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Thread: Fusible Link Replacement?

  1. #1
    P31 Pursuit Car Brown_Muscle's Avatar
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    Question Fusible Link Replacement?

    I intended to replace the fusible links under the hood of my car by using a centralized fuse box and blade fuses, as I've seen done on here. After some research, basically every source i found said to NOT do this. The links are slower blowing, and apparently safer somehow. I don't understand why a blade fuse would have a higher tendency to blow unless something went wrong with the circuit. Others said maxi-fuses can be used, but usually their amperage rating is too high. Should I just leave them alone?
    -Phil



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  2. #2
    I'm an air-conditioned gypsy gadget73's Avatar
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    Its probably to do with fuse speed. Fuse links are a slow blow, they will take a high current surge for a brief time without popping. I don't know that they are more or less safe, just that they are more difficult to deal with if they do blow.

    Kind of a personal choice thing. If they aren't broken you aren't going to fix anything by adding a box. If you go to a fuse box, its not going to be less safe unless you size the fuses poorly or do a bad job wiring it. Having seen a lot of really bad electrical work, my guess is thats where the real danger lies, not so much the fact that there are fuses instead of fuse links.

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    Road Warrior Kodachrome Wolf's Avatar
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    There's a few of us here that have swapped to fuse boxes to replace the fuse link setup. Probably the most annoying issue to sort out is the fact that there's several circuits that are independent of each other, but all share the same color wire in that bundle.

    Using a fuse link guide (essentially the gauge of wire used equates to the max amperage that circuit should be handling) made it pretty straightforwards, and you'll find most of the donor fuse blocks have fuses of similar amperage already present protecting those circuits.

    Overall, it's a nice improvement for underhood cleanliness and does give you the benefit of easier to fix circuit protection if something pops. If you also use external relays, you can move them inside that box. I took the time to take the external headlight relay, horn relay, and A/C fan relay and moved them all into my fuse block when I installed it.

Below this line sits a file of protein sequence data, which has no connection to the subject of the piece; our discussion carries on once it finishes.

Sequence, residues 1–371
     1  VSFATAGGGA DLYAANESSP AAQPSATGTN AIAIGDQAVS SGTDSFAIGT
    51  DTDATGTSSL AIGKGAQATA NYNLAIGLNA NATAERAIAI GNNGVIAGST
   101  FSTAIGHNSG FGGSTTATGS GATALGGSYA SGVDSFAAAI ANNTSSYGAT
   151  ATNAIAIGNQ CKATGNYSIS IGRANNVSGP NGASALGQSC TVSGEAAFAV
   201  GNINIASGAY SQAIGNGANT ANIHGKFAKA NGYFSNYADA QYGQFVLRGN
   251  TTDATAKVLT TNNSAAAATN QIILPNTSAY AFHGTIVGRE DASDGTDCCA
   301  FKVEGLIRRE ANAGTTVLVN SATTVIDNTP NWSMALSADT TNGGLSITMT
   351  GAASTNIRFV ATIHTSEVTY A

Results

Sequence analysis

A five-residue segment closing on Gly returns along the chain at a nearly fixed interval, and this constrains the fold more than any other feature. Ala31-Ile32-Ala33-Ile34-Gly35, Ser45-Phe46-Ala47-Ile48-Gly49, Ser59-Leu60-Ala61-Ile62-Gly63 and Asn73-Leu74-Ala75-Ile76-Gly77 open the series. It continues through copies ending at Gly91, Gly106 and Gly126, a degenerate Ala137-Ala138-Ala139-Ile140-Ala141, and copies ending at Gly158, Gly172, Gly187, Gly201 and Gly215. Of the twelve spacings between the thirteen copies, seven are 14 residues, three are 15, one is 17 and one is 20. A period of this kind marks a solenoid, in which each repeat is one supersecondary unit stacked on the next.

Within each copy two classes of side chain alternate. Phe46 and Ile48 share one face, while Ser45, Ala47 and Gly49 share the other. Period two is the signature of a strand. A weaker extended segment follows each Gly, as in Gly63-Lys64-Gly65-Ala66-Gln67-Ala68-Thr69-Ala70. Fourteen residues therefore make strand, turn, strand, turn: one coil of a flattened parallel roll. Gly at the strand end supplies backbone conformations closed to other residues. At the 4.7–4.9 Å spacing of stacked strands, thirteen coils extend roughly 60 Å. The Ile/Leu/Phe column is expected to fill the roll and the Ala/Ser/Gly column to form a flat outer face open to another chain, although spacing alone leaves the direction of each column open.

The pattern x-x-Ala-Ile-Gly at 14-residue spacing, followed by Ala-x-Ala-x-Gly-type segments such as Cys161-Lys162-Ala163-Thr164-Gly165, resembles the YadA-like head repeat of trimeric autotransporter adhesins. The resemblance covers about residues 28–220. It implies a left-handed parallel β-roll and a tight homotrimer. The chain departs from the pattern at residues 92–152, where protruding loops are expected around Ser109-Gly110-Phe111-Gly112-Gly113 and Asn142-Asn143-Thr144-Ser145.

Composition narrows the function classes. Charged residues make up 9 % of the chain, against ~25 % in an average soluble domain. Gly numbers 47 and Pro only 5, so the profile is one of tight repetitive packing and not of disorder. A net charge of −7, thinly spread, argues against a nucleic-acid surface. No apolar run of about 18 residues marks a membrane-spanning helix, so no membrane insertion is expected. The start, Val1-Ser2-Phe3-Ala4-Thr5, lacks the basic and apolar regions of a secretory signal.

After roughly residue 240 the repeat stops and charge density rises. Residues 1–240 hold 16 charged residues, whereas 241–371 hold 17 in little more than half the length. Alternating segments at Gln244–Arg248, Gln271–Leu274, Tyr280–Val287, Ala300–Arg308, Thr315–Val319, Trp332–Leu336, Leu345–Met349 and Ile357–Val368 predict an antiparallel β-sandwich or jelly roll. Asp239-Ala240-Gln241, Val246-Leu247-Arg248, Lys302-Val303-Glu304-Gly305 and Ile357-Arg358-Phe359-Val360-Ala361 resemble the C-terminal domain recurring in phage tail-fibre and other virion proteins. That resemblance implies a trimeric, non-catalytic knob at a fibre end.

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    P31 Pursuit Car Brown_Muscle's Avatar
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    What you guys are saying makes sense to me. It would greatly help the wiring mess I have there now. I found a few different sources, with different recommendations on what fuses to use. Which of these looks best to you?

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    -Phil



    +1982 Ford LTD-S Police Car. Built 351w, Trickflow 11R 190 Heads, Edelbrock 1906 Carb+ RPM Intake, WR-AOD, Full exhaust headers to tails. 3.27 Trac-Lok Rear. Aluminum Police Driveshaft. Speedway Springs+Bilstein Shocks, Intermediate Brakes, HPP Steering Box.

    +2003 Acura CL Type S 6-speed

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    GMN Regular Giraffe's Avatar
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    Quote Originally Posted by Kodachrome Wolf View Post
    There's a few of us here that have swapped to fuse boxes to replace the fuse link setup. Probably the most annoying issue to sort out is the fact that there's several circuits that are independent of each other, but all share the same color wire in that bundle.

    Using a fuse link guide (essentially the gauge of wire used equates to the max amperage that circuit should be handling) made it pretty straightforwards, and you'll find most of the donor fuse blocks have fuses of similar amperage already present protecting those circuits.

    Overall, it's a nice improvement for underhood cleanliness and does give you the benefit of easier to fix circuit protection if something pops. If you also use external relays, you can move them inside that box. I took the time to take the external headlight relay, horn relay, and A/C fan relay and moved them all into my fuse block when I installed it.